Beyond prioritizing relationships, what does culturally sensitive healthcare look like at El Futuro?
Mary: At El Futuro, it’s about how important it is to listen to people versus assuming. While I might be from Mexico, I don’t know how everyone likes to be treated; we’re all different, there’s so much diversity among one country or city. I am so proud that we are always asking at focus groups, “What do you think? How could we improve?” and then implementing these ideas. When we created the community space with our mural and green space, we asked the community as much as possible: going to events, knocking on doors, and asking what they wanted. Some people said “I would like to see the colors from my country, flowers from my country. I want it to feel like home.” We really wanted that space to feel welcoming to our community and bring back memories, provide a space where kids could feel safe. Now, it’s really incredible what we’re hearing from people who came to us from our space. The creek we have reminds them of the little creek in El Salvador where maybe they went as kids, where they would go jump on rocks and splash in the water. We’re really making it happen for our community!
Can you tell us more about the community garden?
Luke: We have opportunities for locals to volunteer. Just today, some folks were out implementing traditional farming techniques with terracing and teaching about native plants. Kids came out recently and planted seedlings. It’s refreshing to offer these types of engagements with community members… otherwise, what does a mental health clinic look like? It’s invitation only, it’s indoors, it’s hidden away. With the garden, it de-stigmatizes us and makes us more approachable.
How can people access El Futuro’s services?
Luke: There is an overwhelming need for mental health services and not enough people providing help. That’s why we couple our direct services with the training part of our model to help increase the overall amount of help available.
Instead of “franchising” our model and repeating the same style in different locations, we’re focused on finding the people who are trying in that community and training them, helping them, trying to provide resources to curb burnout.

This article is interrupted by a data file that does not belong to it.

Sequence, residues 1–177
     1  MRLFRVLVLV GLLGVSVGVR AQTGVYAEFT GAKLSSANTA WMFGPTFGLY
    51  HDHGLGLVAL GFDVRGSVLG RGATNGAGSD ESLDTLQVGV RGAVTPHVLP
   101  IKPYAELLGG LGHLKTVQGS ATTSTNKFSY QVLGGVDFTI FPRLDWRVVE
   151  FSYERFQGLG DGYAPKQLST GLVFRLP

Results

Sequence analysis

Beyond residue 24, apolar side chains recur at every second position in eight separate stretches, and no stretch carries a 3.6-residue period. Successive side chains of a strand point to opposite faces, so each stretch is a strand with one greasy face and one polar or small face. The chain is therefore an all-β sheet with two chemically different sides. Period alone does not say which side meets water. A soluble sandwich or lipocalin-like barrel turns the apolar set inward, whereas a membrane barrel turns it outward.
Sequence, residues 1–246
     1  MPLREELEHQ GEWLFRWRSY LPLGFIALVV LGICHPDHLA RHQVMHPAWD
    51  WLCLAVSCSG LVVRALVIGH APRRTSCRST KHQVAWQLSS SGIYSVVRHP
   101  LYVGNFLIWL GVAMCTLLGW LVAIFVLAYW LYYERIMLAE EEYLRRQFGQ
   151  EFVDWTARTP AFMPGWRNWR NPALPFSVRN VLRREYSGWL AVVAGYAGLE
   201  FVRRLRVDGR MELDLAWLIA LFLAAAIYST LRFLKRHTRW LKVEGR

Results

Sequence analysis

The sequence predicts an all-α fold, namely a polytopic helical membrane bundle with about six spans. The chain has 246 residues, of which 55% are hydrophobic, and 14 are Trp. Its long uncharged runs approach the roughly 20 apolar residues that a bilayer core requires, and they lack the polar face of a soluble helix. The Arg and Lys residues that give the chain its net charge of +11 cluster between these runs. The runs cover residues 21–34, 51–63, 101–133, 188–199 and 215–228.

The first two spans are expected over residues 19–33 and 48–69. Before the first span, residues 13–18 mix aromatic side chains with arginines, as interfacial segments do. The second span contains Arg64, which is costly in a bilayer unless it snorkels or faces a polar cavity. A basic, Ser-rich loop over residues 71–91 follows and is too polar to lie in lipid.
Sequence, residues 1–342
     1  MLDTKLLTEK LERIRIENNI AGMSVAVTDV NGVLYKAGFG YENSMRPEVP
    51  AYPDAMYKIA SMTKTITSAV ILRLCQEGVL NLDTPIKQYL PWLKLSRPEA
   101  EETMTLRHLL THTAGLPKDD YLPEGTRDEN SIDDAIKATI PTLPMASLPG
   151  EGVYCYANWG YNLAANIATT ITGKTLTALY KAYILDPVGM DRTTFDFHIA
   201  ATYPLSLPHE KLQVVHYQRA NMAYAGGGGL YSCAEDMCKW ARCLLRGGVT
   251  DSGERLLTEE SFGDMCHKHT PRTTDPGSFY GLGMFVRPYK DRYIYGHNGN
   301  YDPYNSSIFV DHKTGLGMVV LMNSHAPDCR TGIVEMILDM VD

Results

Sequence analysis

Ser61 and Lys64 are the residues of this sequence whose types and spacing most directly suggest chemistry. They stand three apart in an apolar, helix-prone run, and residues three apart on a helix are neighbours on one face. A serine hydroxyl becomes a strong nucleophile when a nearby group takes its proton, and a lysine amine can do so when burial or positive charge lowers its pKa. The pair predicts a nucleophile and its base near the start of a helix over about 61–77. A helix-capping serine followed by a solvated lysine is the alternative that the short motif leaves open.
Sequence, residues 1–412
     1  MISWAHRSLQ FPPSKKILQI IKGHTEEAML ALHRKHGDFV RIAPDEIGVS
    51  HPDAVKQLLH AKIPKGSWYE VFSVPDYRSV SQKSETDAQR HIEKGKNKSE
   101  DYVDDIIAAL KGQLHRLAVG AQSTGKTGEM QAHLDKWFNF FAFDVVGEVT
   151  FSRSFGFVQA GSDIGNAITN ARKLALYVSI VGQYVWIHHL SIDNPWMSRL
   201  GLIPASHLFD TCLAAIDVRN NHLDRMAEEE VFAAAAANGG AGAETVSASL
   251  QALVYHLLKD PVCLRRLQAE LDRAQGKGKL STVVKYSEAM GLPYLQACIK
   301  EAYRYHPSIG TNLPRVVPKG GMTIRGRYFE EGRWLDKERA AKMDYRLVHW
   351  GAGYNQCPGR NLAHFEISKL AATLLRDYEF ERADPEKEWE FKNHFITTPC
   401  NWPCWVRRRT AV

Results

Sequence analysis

What’s on the horizon for El Futuro in the next few years?
Luke: More of the same! We don’t want to mess with something that’s working, we need to keep prioritizing our services that no one else is providing. Let’s make sure that we keep the focus on the family, not just the individual that is being helped. One thing we’ve learned with the pandemic: the focus on the family is more important than ever, especially providing resources for helping parents with technology use in the home, with emotional regulation, with advocating within a school district that isn’t always giving them what they need.
Mary: The complimentary programs like group programs have typically been offered only to clients and we’re trying to open it up more to be more welcoming to those who aren’t in therapy but it could be an introduction into mental health. Maybe these individuals just need a little bit of support, so we’re trying to be more open to community members as a whole.
Mary, what do you wish people understood about the immigration experience?
Mary: It’s not easy being an immigrant. You’re coming to this new place, you don’t know the culture. I just remember feeling like a zero. I no longer had my degree, my family, my friends, I didn’t know how to drive. It was really really hard.
It’s important to find a friendly face and a helping hand. Now, I try to help others however I can: show them where the library is, connect over, “Oh, my kid also goes to that school, let me help you with that.” You would brighten someone’s life just by being there with them. It doesn’t take much. That trust, that’s so hard to get, and once you get it, they are there for you. The Latin community is very generous... you come to their house, they will give you everything. They won’t think twice to help you. I am very thankful to be working with El Futuro and the community that we serve. At the end of the day, I am a part of a community and I want that community to thrive. The colors we see in the mural reflect how vibrant the community is. We give everything to the people that we trust!
Many thanks to Mary, Luke, and everyone at El Futuro for the incredible work that you do for our community. How can you get involved? Our latest volume of Nugget Cover Club starts September 15th, with the winners announced at 3pm on September 20th. Purchase Cover Club tickets, follow along on Instagram as we learn more about El Futuro, and consider donating directly.